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2D rpg, active or not active, AI-unit handling

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Hello,
I am currently working on a 2d RPG, with an "open world" concept, therefore I have no loading screens and load/unload maps without the user knowing. As seen in the picture below I have 9 maps loaded at one time, and if the user enters a new map (as in the pic, I unload the bottom and right hand maps and load the respective maps in the top and left side). The green rectangle is the view point of the user (the tiles drawn to the screen) and the blue is representing witch AI-units that are considered active (where I run path finding etc).

[attachment=10051:game_tile_engine.png]

The problem that I am having is in regards to the AI-units, I cant figure out how to handle which are active and which are not, how to load and unload them. For the tiles this problem was easily handled, as the tiles are static and do not move around. So I could just store them in a two 2d-arry. But the AI-units are dynamic and move around, how should I store them?

Having a list of all loaded units (for all 9 maps) is to slow, because that is a rather big list to go through every update to see if the unit should be active or not.

I am developing this game in C#(XNA), how would I approach this in regards to a fast way of finding out witch units should be active? speed is of a higher concern then memory. I have tried to explained all parts as simple as I could, but as I have been working on this for a while I have probably forgot something, if so, just ask!

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Two options spring to my mind:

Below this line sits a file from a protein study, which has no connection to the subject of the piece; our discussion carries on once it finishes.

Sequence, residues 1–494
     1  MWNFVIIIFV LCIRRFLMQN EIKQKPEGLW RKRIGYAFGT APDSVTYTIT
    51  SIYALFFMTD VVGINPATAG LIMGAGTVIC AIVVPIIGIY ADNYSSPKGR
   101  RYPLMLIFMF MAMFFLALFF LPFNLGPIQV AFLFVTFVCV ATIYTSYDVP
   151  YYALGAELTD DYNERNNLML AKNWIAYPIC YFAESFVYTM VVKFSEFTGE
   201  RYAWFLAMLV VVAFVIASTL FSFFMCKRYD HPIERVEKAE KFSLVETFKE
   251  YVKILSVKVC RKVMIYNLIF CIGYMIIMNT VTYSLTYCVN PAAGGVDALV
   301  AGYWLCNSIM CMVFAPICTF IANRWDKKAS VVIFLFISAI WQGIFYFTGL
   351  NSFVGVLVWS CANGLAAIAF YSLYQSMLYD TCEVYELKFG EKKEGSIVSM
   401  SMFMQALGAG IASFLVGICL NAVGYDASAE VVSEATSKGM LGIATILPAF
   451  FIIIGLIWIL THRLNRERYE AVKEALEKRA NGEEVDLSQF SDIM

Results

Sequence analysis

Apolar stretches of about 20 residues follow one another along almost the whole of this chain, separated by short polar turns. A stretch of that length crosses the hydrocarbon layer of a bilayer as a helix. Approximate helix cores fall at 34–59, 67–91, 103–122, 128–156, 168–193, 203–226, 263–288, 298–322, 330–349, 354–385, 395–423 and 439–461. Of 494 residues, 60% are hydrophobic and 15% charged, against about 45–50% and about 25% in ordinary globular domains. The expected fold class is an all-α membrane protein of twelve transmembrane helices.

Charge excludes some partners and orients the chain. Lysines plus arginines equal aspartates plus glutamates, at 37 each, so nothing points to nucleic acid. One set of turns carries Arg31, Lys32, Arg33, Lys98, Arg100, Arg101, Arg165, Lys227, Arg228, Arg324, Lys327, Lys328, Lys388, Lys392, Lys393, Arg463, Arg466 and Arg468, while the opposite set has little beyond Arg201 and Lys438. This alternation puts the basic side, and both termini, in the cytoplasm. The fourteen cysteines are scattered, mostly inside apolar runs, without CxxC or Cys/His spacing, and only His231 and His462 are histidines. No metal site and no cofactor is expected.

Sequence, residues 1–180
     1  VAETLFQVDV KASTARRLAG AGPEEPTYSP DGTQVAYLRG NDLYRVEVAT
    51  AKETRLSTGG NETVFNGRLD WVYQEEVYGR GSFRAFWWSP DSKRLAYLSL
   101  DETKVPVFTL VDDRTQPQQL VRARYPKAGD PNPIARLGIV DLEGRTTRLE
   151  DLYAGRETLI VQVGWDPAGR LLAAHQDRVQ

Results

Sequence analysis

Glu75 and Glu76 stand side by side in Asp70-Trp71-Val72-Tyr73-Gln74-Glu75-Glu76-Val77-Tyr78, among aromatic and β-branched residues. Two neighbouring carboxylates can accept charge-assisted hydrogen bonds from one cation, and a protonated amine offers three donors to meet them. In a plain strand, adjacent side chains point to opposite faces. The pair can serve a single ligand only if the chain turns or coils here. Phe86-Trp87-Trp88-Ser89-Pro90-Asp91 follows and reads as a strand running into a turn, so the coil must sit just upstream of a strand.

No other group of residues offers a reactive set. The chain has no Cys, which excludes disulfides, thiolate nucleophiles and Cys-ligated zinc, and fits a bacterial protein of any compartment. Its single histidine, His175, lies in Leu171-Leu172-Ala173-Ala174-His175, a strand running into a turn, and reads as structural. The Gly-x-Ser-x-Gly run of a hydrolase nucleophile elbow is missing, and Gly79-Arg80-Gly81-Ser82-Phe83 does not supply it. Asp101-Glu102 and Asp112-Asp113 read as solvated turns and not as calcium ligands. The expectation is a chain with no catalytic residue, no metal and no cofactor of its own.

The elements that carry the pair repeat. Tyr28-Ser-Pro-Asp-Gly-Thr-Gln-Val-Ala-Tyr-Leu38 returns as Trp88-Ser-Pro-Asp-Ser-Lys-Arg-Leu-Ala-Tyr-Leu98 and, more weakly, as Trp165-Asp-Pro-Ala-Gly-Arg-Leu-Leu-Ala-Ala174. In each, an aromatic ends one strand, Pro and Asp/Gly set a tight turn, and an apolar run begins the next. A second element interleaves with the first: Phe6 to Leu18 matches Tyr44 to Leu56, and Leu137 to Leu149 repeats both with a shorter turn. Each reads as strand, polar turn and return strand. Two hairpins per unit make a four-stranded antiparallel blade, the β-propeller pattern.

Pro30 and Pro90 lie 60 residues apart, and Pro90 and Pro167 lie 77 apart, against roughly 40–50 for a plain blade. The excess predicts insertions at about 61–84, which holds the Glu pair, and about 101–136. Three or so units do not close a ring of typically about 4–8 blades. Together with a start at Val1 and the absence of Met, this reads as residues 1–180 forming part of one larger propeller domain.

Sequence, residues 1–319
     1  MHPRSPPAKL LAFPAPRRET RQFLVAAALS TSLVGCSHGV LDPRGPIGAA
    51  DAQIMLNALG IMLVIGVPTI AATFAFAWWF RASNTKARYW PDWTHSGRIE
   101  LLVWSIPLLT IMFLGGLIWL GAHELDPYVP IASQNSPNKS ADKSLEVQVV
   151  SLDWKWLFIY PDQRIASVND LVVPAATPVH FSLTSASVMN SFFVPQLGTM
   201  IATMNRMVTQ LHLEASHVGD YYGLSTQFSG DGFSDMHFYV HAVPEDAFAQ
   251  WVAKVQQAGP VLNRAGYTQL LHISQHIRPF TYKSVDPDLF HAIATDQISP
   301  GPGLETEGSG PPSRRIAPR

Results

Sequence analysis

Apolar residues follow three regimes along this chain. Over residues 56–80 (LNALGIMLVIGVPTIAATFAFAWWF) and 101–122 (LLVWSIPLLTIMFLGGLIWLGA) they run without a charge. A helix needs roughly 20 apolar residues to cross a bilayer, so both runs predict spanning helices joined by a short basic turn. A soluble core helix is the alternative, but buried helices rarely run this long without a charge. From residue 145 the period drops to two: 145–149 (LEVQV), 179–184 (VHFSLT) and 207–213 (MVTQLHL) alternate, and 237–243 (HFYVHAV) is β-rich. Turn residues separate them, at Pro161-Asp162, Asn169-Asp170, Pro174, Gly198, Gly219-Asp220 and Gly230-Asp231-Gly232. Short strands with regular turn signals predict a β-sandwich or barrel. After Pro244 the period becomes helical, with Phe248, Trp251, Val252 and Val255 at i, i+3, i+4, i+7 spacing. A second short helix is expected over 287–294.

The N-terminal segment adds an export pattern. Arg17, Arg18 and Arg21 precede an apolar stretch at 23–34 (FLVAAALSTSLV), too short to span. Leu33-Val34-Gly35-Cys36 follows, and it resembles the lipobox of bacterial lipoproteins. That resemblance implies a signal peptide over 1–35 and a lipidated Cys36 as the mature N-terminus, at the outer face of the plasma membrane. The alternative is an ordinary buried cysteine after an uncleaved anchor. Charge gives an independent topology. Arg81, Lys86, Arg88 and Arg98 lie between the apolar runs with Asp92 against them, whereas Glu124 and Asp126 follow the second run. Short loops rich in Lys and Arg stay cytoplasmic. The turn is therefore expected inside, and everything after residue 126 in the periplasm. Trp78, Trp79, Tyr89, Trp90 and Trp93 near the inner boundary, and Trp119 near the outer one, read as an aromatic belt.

1. In each cell, where you store tile info, you could also store a reference (or handle/key) to agent(s) that are at that location. Of course, you would have to update this information in the cells as each agent moves.

2. A smarter collection for storing agents. For example, instead of a list, you could group agents by region, or use a sparse 2d array, or similarly use a dictionary and key (hash) them by coordinate value*. It may take some experimentation to see which data structure provides the needed efficiency.

EDIT: *note that this may require frequent insertions/removals, so depending on how often agents are moved this may or may not be viable.

From the infomation you provided, I would think #1 would be the simplist to implement. Edited by laztrezort

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Yay! I like this question, because in multiplayer game the AI units woulds be active all the time. Now in single player game you want to have only those units active that are on the maps currently loaded.

I have small idea for this and it basically goes like this. You have list of AI units for every map. Once the AI unit moves to another map also move it into the maps list of AI units. Now you can easily inactivate those AI units that are on the maps list which you are unloading, basically you do not need to check every AI units position to see if they should be inactivated. Edited by TMKCodes